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The Jewish Press of Tampa and the Jewish Press of Pinellas County are Independently- owned biweekly Jewish community newspapers published in cooperation with and supported by the Tampa JCC & Federation and the Jewish Federation of Pinellas & Pasco Counties, respectively. Copyright © 2009-2018 The Jewish Press Group of Tampa Bay, Inc., All Rights Reserved.


 

March 23, 2018  RSS feed
Culture

Text: T T T

Hear victims’ names, listen to survivors at Yom HaShoah observance


Halina Herman Halina Herman For 7 1/2 hours, the names of Holocaust victims will be read aloud as the Florida Holocaust Museum commemorates Yom HaShoah. The day of remembrance will be interspersed with talks by four who survived and now bear witness to the Nazi atrocities.

The community is invited to visit the St. Petersburg museum free of charge between 10 a.m. and 5 p.m. on Yom HaShoah, Thursday, April 12, and take part in the observance, which will conclude with a memorial service at 5:30 p.m. The service is being conducted in conjunction with the Pinellas County Board of Rabbis and Tampa Rabbinical Association.

Known more commonly outside of Israel as Holocaust Remembrance Day, Yom HaShoah honors the memory of the more than 6 million Jews who perished during the Holocaust. The full name of the day is Yom HaShoah Ve-Hagevurah or “Day of the Remembrance of the Holocaust and the Heroism” as it also marks the anniversary of the Warsaw Ghetto Uprising. (Designated by the U.N., Inernational Holocaust Remembrance Day is observed on Jan. 27 and coincides with the liberation of the Auschwitz-Birkenau concentration camps).


Gary Silvers Gary Silvers The Name Reading Commemoration is intended as an effort to remember the victims as individuals with life stories and histories.

“Victims of the Holocaust don’t have graves – reciting their names allows for them to be memorialized while reminding us of their human dignity,” said museum Executie Director Elizabeth Gelman.

The museum is reinforcing its commitment to ensuring such atrocities do not occur again both through the reading of victims’ names and hearing from survivors.

At noon, Halina Herman, who survived the war as a hidden child, will tell her story. Herma n was born in Warsaw, Poland in 1939. Her father was a physician and was sent away by the Germans to a slave-labor camp in April 1941 and she never saw him again. Herman’s mother obtained false papers and got a job as a maid in Cracow. She placed Halina with a non-Jewish family who raised her as Christian. After the war, she was reunited with her mother. Halina continued to go to church until her mother revealed their Jewish identity to her in 1949. They went to France where they stayed until they were able to immigrate to Canada.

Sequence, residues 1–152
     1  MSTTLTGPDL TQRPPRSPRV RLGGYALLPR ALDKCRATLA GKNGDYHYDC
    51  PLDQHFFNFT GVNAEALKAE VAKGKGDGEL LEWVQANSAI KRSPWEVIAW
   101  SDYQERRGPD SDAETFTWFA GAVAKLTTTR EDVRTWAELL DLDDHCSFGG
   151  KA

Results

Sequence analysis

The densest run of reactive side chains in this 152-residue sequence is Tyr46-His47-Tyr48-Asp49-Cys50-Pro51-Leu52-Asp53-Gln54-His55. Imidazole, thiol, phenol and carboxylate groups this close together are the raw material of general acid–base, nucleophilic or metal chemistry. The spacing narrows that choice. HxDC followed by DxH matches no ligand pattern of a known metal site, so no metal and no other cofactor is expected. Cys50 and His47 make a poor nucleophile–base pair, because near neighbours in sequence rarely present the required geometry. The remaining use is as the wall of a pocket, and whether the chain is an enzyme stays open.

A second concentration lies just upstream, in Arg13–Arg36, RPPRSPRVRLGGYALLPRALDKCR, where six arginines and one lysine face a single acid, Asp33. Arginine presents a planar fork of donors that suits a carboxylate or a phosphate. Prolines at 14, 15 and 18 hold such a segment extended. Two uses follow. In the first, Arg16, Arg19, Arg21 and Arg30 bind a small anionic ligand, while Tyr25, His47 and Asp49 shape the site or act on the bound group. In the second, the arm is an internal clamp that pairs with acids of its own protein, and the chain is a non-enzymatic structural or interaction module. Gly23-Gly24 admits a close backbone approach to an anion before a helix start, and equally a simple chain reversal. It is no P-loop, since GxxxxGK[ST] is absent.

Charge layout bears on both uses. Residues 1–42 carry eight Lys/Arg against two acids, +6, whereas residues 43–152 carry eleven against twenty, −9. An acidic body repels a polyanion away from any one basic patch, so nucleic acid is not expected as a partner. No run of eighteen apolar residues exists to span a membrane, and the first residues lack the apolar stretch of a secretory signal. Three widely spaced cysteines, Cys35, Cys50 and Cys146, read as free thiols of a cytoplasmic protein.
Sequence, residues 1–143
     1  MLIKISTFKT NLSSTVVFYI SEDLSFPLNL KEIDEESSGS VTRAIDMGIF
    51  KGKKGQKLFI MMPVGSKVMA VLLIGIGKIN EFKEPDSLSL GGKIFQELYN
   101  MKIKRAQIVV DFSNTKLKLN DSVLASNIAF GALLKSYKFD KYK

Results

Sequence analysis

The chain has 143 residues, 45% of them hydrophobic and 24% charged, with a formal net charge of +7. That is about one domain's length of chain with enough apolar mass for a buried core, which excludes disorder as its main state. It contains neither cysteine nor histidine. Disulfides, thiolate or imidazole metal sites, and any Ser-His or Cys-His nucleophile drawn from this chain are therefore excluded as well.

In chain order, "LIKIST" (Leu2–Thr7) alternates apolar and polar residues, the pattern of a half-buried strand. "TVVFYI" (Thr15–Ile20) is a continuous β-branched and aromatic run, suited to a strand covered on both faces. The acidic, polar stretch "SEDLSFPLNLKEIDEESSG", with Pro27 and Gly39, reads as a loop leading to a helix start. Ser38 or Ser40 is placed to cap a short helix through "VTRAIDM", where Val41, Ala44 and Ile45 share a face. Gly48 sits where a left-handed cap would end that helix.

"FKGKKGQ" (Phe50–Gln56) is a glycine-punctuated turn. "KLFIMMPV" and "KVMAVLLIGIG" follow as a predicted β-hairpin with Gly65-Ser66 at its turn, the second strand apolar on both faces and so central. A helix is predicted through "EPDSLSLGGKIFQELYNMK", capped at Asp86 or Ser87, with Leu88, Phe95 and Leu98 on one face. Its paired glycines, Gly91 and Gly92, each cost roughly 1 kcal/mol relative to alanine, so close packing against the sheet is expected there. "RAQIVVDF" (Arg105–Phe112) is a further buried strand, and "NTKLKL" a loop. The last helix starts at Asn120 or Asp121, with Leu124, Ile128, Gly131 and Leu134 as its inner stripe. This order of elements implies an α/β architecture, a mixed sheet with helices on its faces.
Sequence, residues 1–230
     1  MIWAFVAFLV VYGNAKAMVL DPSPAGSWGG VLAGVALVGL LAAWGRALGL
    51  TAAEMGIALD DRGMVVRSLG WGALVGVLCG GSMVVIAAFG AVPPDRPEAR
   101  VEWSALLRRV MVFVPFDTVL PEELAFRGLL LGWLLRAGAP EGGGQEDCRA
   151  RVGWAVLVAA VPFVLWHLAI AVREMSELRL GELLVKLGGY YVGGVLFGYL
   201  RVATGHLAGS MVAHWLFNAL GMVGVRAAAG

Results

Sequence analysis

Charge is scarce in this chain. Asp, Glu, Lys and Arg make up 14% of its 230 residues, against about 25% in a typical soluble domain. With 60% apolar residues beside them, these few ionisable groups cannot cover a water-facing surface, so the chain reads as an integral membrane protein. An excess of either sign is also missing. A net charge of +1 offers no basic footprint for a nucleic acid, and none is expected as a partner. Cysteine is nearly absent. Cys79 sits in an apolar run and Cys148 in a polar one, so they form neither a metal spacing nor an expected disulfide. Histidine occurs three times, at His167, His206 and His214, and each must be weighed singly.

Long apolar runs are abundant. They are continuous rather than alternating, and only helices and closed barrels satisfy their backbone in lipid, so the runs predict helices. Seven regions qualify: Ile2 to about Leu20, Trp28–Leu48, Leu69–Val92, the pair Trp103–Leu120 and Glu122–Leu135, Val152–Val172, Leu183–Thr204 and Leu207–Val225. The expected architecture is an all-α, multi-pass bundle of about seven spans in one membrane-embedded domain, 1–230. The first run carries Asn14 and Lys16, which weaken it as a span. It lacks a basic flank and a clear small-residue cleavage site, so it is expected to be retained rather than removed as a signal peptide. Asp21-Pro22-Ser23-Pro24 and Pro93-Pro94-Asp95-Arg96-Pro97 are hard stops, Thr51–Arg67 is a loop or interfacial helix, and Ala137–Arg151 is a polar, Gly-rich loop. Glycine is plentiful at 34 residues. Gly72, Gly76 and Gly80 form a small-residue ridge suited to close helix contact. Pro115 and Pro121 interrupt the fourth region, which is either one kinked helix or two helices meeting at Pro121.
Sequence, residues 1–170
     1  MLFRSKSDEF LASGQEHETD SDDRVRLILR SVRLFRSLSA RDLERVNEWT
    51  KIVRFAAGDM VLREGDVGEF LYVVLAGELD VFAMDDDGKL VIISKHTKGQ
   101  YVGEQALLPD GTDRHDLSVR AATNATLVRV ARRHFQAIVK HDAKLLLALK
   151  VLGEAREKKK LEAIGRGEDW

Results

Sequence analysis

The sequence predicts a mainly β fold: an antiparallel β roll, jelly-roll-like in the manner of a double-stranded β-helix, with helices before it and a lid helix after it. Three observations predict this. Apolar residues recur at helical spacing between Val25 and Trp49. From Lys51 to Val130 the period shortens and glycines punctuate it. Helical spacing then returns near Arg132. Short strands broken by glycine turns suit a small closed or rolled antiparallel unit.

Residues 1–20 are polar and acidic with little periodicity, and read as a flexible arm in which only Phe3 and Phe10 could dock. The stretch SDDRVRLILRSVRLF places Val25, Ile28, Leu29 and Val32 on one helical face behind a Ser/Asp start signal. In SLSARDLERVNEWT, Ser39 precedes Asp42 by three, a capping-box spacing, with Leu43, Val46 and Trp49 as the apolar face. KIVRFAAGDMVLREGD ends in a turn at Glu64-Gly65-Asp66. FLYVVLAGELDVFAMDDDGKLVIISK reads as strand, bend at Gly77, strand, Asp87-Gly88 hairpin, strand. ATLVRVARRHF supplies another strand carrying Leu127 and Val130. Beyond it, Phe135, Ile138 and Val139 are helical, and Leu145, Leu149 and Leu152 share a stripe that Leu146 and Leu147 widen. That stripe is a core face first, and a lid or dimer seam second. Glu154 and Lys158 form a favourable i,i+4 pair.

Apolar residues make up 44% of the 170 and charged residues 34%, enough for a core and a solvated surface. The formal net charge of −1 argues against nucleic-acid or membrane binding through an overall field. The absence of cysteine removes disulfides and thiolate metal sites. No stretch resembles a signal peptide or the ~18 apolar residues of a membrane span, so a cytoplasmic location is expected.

Marie Silverman Marie Silverman Gary Silvers and his family took quite a different route in order to survive. Silvers, who will speak at 2 p.m., was born in Berlin, Germany in 1929. His mother was Christian, his father was Jewish. When the persecution of Jews ensued in Nazi Germany, in 1938, the family decided to seek refuge in Shanghai, China – one of the few places that would take Jews in. From 1933 to 1941, Shanghai accepted some 18,000 Jewish refugees fleeing Europe. Most were from Germany and Austria. Silvers’ father pleaded with his relatives to leave Germany, but they were not ready to abandon their lives and did not think the situation would deteriorate. Aside from his immediate family who survived in China, all of Silvers’ Jewish relatives died in the Holocaust.


Jeannette Bornstein Jeannette Bornstein Following the 5:30 p.m. memorial service, there will be a special Holocaust Survivor talk with sisters Marie Silverman and Jeannette Bornstein.

Marie Silverman was born in 1931 and her sister Jeannette Bornstein was born in 1935. They lived in Antwerp, Belgium, with their parents when World War II began. After Germany invaded Belgium, the family escaped to France. For awhile, non-Jews hid them on a farm but when the roundups began, the family was captured and separated: the sisters with their mother were placed in an internment camp at Rivesaltes, France, while their father was sent to a different camp. After 9 months, Marie and Jeannette’s mother managed to smuggle the girls out of Rivesaltes. The family was briefly reunited in Vence, France, but their father soon died as a result of the mistreatment he had endured in the internment camp. Two partisan couriers took the sisters across the Pyrénées Mountains on foot from Vence to Barcelona, Spain. They lived with their aunt and uncle and then came to the United States. Once here, they were placed in an orphanage and with foster families until their mother was able to reunite with them in 1949.

Anyone wishing to participate in the reading of Holocaust victims’ names should call the museum at (727) 820-0100 ext. 249 to schedule your time slot.

The Florida Holocaust Museum is located at 55 5th St. S., downtown St. Petersburg.


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